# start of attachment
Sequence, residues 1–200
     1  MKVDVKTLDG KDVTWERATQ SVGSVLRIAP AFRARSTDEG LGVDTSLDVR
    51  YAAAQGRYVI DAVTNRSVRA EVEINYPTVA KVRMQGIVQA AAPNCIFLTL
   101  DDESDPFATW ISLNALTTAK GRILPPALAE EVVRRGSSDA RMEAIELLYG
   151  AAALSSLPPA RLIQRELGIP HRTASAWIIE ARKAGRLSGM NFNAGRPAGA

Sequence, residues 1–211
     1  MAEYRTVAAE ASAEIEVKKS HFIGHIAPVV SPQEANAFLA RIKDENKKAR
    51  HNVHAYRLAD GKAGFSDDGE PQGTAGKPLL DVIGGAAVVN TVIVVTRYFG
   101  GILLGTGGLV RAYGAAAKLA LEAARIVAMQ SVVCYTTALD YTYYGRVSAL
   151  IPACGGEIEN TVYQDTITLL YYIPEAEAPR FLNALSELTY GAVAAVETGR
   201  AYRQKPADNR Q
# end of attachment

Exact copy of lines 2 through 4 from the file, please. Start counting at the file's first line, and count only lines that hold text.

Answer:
     1  MKVDVKTLDG KDVTWERATQ SVGSVLRIAP AFRARSTDEG LGVDTSLDVR
    51  YAAAQGRYVI DAVTNRSVRA EVEINYPTVA KVRMQGIVQA AAPNCIFLTL
   101  DDESDPFATW ISLNALTTAK GRILPPALAE EVVRRGSSDA RMEAIELLYG